What You Were Selling Last Week: Vodafone Group plc

One of Warren Buffett’s famous investing sayings is “be fearful when others are greedy and greedy only when others are fearful”. Or, in other words, sell when others are buying and buy when they’re selling.

But we might expect Foolish investors to know that, and looking at what Fools have been selling recently might well provide us with some ideas for investments that may be past their prime

So, in this series of articles, we’re going to look at what customers of The Motley Fool ShareDealing Service were selling last week, and what might have made them decide to do so.


Between July 2009 and January 2014 the share price of  Vodafone (LSE: VOD) (NASDAQ: VOD.US) more than doubled. But when it sold its 49% stake in Verizon Wireless back in February many investors were concerned that the company’s best days were now behind it.

And the fact that Vodafone’s share price has fallen 7% since the disposal, compared with a fall of just 1.5% in the FTSE 100, might suggest they were quite right to be concerned.

So perhaps the somewhat lacklustre performance is what persuaded enough people to sell Vodafone last week to put it in the number 4 slot in our latest “Top Ten Sells” list.*


Mind you, after a six month long slump, dropping to 184p in mid-October, Vodafone’s share price has recently left the market standing, with a 22% rise in share price over the past six weeks or so, versus an 8.3% rally by the FTSE 100. 

So maybe it’s actually Vodafone’s recent spurt that prompted the sell-off, with recent buyers taking a quick profit.

But whatever their reason for selling, might people have been better to hang on to their shares?  What do Vodafone’s prospects currently look like?

Holy grail

Despite the company predicting a slight rise in full-year profits — which it now expects to come in at between £11.4bn and £11.9bn — Vodafone is still operating in a highly competitive market. And it’s a market that’s still experiencing significant convergence.

The “holy grail” of the industry is now the “quad play bundle” — to sell customers a package of broadband, pay-TV, fixed-line telephony and mobile, thereby blocking out your competitors from every angle.

Virgin Media launched the first quad play bundles in the UK back in June, and the rest of the big players are now making strenuous efforts to catch up.

For example, in addition to its dominant position in both broadband and pay-TV, BT is now seeking to become a major player in mobile, too, via an acquisition, perhaps of O2 or EE.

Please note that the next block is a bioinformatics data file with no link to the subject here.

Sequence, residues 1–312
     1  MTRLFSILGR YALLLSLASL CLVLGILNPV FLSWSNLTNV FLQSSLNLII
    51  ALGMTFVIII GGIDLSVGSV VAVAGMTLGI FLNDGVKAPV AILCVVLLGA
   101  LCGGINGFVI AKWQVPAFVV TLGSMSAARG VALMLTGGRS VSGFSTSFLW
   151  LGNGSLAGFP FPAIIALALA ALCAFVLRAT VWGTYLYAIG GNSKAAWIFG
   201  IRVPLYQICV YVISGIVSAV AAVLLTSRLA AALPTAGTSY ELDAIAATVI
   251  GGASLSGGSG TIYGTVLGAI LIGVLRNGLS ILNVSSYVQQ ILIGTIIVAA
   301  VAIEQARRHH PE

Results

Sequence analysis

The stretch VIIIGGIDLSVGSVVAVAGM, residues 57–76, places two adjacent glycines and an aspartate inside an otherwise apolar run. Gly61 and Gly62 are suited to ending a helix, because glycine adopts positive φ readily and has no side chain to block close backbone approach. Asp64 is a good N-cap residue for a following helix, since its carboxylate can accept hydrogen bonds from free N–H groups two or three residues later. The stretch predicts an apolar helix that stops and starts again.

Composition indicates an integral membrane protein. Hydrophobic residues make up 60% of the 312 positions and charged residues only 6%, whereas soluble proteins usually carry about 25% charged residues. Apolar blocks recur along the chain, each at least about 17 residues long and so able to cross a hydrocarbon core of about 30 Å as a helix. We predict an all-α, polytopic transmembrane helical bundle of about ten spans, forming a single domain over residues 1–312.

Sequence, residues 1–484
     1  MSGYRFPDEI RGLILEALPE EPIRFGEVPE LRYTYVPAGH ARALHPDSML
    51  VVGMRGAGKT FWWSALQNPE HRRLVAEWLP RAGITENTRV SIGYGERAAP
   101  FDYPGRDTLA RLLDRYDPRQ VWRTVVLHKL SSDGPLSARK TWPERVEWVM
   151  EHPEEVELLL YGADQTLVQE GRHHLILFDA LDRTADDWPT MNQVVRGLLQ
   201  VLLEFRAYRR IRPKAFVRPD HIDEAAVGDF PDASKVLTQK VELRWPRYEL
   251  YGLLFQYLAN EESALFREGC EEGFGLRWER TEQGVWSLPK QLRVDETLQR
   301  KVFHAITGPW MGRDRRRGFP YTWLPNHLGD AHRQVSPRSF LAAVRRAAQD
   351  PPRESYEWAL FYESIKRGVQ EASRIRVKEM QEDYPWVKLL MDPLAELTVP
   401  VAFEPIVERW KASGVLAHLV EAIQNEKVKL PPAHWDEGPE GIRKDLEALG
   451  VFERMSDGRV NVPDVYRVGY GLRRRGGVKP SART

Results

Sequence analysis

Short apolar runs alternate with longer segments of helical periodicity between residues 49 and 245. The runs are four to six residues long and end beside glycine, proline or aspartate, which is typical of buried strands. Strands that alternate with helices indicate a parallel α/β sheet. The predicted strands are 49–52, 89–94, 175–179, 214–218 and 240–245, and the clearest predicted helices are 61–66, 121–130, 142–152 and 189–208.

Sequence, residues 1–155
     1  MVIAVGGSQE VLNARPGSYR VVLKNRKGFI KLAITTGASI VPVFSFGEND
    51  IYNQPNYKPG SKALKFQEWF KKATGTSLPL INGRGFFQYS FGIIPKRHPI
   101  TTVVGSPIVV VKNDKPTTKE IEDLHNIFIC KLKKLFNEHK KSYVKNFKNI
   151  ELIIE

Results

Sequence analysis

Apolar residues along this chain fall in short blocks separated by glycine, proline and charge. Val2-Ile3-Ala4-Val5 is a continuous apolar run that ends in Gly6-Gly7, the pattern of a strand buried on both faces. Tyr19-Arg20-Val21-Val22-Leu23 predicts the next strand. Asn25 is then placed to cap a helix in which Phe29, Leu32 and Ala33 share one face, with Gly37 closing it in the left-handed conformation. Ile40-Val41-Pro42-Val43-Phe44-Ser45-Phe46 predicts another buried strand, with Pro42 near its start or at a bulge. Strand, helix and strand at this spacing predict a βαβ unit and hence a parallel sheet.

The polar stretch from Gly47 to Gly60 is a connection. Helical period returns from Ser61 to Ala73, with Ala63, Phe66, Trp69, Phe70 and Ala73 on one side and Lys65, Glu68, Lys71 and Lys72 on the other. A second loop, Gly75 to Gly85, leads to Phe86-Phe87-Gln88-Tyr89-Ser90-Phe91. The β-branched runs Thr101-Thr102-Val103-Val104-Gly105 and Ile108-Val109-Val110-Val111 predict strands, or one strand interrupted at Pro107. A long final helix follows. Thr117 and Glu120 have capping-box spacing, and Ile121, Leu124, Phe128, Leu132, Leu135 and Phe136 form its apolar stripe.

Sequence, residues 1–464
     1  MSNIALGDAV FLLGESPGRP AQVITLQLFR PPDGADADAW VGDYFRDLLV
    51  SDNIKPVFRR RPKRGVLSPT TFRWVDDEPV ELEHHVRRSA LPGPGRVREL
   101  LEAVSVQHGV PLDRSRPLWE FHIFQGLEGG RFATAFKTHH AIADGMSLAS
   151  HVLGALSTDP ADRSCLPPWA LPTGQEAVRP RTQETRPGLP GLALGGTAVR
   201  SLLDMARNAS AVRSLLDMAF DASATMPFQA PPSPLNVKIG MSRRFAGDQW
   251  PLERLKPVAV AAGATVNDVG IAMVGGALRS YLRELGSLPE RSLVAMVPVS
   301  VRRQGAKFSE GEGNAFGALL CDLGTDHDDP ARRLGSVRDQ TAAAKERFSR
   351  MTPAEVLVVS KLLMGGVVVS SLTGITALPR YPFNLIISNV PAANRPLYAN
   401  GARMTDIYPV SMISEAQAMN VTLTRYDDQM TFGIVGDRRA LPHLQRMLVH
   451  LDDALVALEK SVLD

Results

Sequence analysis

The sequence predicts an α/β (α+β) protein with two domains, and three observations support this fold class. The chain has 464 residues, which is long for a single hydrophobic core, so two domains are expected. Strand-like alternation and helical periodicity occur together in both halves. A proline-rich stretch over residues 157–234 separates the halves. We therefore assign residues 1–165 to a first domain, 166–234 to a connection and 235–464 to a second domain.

And then there’s Sky, which already sells TV and fixed-line telephony services alongside its broadband provision, and which has recently been in talks with the main UK mobile operators about piggy-backing on their networks to offer a “virtual” mobile service to its customers.


So what’s Vodafone going to do? Launch its own broadband and TV services in spring next year, that’s what, using the fibre network it acquired when it bought Cable & Wireless Worldwide (C&WW) in 2012.

As Vodafone CEO Vittorio Colao said recently: “If BT comes more into mobile then we will go more into consumer broadband.”

Indeed, he may well be planning to kill two birds with one stone, by buying the European business of Liberty Global, which owns Virgin Media’s cable network.

That would give Vodafone a superfast fibre broadband network that reaches more than half of UK households — and that’s on top of the 20,500km fibre network it got when it bought C&WW — and remove a competitor from the marketplace at single stroke.

So whilst there’s undoubtedly going to be very stiff competition, if Vodafone’s plan comes together there could be a lot of upside left in its share price.

And there’s also the near-5% dividend to enjoy whilst waiting for that to happen.

But, of course, whatever anyone else was doing last week, only you can decide if Vodafone is a ‘buy’ or a ‘sell’ right now.

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Jon Wallis owns shares of Vodafone. The Motley Fool UK has recommended Sky. We Fools don't all hold the same opinions, but we all believe that considering a diverse range of insights makes us better investors.

* based on aggregate data from The Motley Fool ShareDealing Service.